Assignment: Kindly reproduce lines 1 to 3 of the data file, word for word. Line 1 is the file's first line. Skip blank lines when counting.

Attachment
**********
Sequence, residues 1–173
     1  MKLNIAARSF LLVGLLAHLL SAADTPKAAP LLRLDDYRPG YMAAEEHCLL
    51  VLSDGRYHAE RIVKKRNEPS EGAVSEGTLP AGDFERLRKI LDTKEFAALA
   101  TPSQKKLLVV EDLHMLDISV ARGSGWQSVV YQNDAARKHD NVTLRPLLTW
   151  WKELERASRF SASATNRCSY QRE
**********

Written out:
Sequence, residues 1–173
     1  MKLNIAARSF LLVGLLAHLL SAADTPKAAP LLRLDDYRPG YMAAEEHCLL
    51  VLSDGRYHAE RIVKKRNEPS EGAVSEGTLP AGDFERLRKI LDTKEFAALA